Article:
Some Thoughts about Worship Music

This weekend, people around the world will gather to worship. For most of us, music and songs will be a critical part of that worship. Even when “worship wars” seem to have died down in many churches, we still have style preferences that really do separate us a bit. Over the years, I have attempted to address these issues in various ways on this site. Maybe one of these older posts about worship will grab your attention today:

8 Indicators Worship Music is Not Good

6 Ways to Sing Better in Worship this Weekend

10 Distractions Regarding Worship Music

Why We Must be Open to Different Styles of Worship Music

8 Traits I See in Good Worship Leaders

6 Reasons I Miss Singing Hymns

7 Ways to Help a Musically-Challenged Older Believer Worship

10 Ways to Pray for Your Worship Leaders this Weekend

Let us know your thoughts!




  • Robin G. Jordan says:

    One of the things that troubles me most is the way that congregational singing is disappearing in a growing number of churches, displaced by the singing of the vocalists in the worship band. I don’t think what is happening in a church service in which the worship band’s vocalists monopolize the singing can be regarded as corporate worship. To be corporate, worship, whether in the form of singing, prayer, and so forth requires the participation of everyone who is present.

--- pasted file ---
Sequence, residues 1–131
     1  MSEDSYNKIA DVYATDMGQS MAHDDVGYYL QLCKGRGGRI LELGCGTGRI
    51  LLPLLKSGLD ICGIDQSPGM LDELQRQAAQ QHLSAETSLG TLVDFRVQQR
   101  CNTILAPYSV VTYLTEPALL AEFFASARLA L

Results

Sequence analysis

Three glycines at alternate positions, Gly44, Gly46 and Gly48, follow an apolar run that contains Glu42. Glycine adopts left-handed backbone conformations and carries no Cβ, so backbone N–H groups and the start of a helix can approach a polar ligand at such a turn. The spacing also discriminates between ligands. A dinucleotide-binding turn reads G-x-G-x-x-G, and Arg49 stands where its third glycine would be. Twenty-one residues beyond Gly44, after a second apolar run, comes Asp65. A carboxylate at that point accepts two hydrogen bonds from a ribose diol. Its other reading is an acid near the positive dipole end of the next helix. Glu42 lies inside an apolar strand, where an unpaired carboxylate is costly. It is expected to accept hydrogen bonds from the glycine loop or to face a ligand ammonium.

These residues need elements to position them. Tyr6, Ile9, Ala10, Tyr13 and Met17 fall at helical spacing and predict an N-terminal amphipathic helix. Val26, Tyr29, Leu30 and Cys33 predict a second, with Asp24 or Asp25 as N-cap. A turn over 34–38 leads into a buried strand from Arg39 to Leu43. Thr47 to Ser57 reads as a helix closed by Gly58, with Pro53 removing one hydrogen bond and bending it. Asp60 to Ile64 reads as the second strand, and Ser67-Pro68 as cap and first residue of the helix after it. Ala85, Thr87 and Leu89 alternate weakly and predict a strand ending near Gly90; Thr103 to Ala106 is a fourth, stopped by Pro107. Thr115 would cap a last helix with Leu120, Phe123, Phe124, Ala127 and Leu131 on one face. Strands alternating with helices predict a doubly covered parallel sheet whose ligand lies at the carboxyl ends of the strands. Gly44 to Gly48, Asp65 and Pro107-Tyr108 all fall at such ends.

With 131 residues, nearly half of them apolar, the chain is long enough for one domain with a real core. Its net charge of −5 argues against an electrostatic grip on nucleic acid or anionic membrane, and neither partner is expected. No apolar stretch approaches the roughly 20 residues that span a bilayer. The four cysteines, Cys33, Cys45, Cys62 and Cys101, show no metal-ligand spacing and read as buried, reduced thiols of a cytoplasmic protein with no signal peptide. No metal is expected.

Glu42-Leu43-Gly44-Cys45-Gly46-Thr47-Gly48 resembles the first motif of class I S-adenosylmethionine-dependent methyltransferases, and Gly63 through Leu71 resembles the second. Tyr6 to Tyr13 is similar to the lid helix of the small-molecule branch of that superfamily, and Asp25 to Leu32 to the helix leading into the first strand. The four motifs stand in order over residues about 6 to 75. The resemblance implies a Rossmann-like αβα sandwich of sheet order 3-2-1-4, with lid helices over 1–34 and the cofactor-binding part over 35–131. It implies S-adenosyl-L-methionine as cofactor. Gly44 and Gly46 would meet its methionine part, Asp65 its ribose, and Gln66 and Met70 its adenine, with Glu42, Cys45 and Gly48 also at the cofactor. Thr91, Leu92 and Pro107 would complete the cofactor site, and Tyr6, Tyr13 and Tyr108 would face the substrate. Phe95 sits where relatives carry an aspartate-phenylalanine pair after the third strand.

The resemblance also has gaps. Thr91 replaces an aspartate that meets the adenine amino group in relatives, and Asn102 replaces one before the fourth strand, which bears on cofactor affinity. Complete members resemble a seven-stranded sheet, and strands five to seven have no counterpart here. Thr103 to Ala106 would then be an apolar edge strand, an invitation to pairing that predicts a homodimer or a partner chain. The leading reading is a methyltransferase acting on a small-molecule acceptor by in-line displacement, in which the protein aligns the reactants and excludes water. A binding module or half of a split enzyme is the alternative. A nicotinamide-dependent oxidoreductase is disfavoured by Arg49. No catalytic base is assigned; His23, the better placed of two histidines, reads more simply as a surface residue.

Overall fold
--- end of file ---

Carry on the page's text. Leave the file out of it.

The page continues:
The same thing happened in the Middle Ages. As the role of the choir increased in church services, the role of the congregation decreased until the its role was reduced to that of passive onlookers. The same thing is happening today.

    One of the results in Middle Ages–just as it is today–was that the music of the church service ceased to be accessible to the members of the congregation.

    Part of the problem today is a constricted view of the role of music in church services. It is seen as putting the congregation in the right frame of mind for the sermon. This view may in part be attributed to revivalism and the Sandy Creek Revival tradition in Southern Baptist churches. Music is essentially seen as a form of preparation for the main event–the sermon. It is not valued as a form of worship.

    When a congregation sings, however, its members are not just exhorting each other. They are conversing with God and God through the words of the hymn or song is conversing with them. In other words, they are praying. The hymn or song provides them with words with which they can express how they think and feel.

    I have run across a number of articles lamenting the decline of prayer in our church services. I suspect that the decline of prayer and the decline of congregational singing are a part of the same phenomenon

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